Every day, I get up, go to work and fight hard to ensure Texans with disabilities can live, work, learn, play and participate in the communities of their choice.
At home, I fight for my Mom, Binky Hughes, who lives with me and suffers from several complicated health issues. Over the last several years, her ongoing battles have earned both of us a close working relationship with her primary care doctor and a number of surgeons and specialists.
My sweet 65-year-old Mom, you see, suffers from Chronic Obstructive Pulmonary Disease, or COPD, and depends on oxygen and medicines in order to draw a simple breath, an action most people take for granted.
She also lives with other medical issues including schizophrenia, diabetes and bi-polar disorder, and recently went through a leg amputation caused by her diabetes. Individually, each of these issues is complicated and makes for a tough road. Taken together, they can amount to a significant and daily struggle — but we are fortunate to have strong Medicaid coverage and a great team of professionals around us.
Not long ago, we were all put to the test when our Medicaid HMO insurance company didn’t want to pay for a particular medicine that Mom needs in order to breathe. This medicine was prescribed by my Mom’s doctor, who has treated her for ten years and who understands her complex medical history.
It took us six months of frustrating effort to finally get this medicine covered for my Mom. It also took failing on two older, cheaper medications — medicines the doctor did not prescribe. These older, less effective drugs made Mom shake and twitch and led to several preventable accidents because she was unsteady on her feet.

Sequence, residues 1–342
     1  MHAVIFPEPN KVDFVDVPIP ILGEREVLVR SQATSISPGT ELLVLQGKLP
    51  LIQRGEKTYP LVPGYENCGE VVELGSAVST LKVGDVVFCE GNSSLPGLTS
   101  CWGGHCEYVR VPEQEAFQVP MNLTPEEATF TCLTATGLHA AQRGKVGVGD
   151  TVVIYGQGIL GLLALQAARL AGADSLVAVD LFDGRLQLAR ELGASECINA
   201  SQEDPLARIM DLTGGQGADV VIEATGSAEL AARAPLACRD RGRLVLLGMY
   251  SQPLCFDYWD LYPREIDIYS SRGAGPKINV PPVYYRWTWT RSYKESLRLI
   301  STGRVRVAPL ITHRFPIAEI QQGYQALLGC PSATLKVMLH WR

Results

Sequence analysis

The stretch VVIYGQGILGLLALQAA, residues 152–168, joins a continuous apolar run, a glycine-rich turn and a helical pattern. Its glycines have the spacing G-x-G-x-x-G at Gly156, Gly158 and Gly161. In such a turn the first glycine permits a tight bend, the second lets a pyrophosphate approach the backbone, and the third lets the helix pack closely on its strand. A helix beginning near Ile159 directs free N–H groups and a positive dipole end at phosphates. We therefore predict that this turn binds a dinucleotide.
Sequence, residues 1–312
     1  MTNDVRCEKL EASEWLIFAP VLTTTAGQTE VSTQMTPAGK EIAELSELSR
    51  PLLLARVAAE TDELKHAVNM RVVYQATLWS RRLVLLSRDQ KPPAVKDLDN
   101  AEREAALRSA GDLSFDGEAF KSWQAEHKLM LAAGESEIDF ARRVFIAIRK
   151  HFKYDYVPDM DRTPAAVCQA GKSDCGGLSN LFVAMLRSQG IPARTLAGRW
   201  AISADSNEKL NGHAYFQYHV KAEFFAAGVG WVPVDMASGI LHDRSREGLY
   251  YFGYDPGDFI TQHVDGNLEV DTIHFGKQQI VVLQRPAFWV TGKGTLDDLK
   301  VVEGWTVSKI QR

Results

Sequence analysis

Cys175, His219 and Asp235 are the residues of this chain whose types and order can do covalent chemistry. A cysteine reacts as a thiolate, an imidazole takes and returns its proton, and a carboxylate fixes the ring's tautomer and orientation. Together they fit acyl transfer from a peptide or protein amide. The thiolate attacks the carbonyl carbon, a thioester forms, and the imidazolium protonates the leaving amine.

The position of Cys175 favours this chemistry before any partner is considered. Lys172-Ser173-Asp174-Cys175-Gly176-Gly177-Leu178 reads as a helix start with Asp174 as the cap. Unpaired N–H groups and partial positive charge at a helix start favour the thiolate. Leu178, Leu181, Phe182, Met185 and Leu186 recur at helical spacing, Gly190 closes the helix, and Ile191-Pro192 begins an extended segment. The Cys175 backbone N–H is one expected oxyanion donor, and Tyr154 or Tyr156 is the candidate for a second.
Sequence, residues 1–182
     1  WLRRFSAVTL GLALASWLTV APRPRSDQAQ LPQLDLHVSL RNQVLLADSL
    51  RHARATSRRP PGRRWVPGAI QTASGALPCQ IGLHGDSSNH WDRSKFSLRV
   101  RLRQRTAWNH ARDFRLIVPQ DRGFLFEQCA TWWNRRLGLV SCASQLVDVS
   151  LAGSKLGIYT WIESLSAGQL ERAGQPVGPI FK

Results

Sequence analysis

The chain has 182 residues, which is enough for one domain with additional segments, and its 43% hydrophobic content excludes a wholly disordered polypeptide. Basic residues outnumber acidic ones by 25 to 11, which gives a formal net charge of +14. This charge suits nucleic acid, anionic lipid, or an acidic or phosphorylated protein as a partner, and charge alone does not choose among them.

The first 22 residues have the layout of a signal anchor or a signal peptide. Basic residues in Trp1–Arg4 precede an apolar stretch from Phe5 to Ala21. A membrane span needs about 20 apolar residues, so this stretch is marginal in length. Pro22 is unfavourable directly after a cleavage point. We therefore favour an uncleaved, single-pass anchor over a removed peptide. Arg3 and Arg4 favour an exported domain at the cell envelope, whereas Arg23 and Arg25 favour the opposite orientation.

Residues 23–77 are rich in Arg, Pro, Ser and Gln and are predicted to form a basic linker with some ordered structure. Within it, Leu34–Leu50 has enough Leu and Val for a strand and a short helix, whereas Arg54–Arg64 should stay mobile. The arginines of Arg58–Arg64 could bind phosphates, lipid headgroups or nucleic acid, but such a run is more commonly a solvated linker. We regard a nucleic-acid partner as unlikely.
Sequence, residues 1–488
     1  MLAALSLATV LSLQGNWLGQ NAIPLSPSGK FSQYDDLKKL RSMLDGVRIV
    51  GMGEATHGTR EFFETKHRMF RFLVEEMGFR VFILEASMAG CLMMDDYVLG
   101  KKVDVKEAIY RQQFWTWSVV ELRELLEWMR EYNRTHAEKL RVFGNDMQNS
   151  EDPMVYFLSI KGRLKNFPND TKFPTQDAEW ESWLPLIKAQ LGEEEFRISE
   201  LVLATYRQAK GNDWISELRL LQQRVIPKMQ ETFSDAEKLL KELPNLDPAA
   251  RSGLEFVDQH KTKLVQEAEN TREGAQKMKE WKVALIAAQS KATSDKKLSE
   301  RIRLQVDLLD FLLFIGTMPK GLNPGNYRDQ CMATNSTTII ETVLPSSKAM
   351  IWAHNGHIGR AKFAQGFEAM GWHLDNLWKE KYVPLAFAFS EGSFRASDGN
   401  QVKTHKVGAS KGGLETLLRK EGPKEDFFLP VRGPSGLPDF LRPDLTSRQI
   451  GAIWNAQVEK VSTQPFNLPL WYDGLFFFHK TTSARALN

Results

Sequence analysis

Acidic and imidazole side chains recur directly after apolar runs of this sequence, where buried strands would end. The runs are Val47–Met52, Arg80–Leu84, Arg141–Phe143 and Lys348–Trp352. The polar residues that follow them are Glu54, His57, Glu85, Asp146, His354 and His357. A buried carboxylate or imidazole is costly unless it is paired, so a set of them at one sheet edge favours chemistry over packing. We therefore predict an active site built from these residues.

This situation is familiar to many patients and has a name: step therapy. It’s a system in which an insurance company forces patients, as in our case, to start with older, cheaper, possibly less effective, medications before they will agree to financially cover a newer, potentially more expensive medicine, regardless of what is initially prescribed by the treating physician.
This policy is also called “fail first” because the patient’s health must literally “fail” on several medications before the more expensive one is approved. “Failing” for my mother led to preventable accidents as we “failed” on several drugs for six months. Living through this incredibly poor health care situation was heartbreaking, infuriating and completely unavoidable.
I wouldn’t wish this situation on anyone, certainly not someone whose health is as fragile as my Mom’s.
Sadly, right now, a group of health insurers want to engrain this heartless policy into law by winning full control of the pharmaceutical benefit in Medicaid. My hope is that lawmakers will reject this proposal and instead choose to protect patients like my Mom.
Our elected leaders should ensure that doctors, not insurance companies, remain in charge when it comes to prescribing medicines for Texas Medicaid patients.